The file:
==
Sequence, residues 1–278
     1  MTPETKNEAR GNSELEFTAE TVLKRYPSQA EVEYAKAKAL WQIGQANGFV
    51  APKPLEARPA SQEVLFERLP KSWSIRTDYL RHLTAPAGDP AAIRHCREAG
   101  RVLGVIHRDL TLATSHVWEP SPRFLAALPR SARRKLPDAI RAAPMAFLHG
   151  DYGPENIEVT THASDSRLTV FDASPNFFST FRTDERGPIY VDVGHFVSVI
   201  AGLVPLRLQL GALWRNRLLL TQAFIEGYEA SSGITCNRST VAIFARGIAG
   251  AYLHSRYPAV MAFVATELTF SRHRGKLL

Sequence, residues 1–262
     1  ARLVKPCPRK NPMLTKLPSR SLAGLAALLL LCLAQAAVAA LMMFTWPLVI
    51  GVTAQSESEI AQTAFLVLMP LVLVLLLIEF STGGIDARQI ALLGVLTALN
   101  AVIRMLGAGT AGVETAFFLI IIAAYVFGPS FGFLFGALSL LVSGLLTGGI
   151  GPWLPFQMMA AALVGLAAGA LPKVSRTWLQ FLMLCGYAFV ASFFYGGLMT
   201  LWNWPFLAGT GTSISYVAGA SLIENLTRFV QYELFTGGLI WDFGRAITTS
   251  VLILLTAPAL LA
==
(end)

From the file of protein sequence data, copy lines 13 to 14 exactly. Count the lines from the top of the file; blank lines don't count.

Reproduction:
   201  LWNWPFLAGT GTSISYVAGA SLIENLTRFV QYELFTGGLI WDFGRAITTS
   251  VLILLTAPAL LA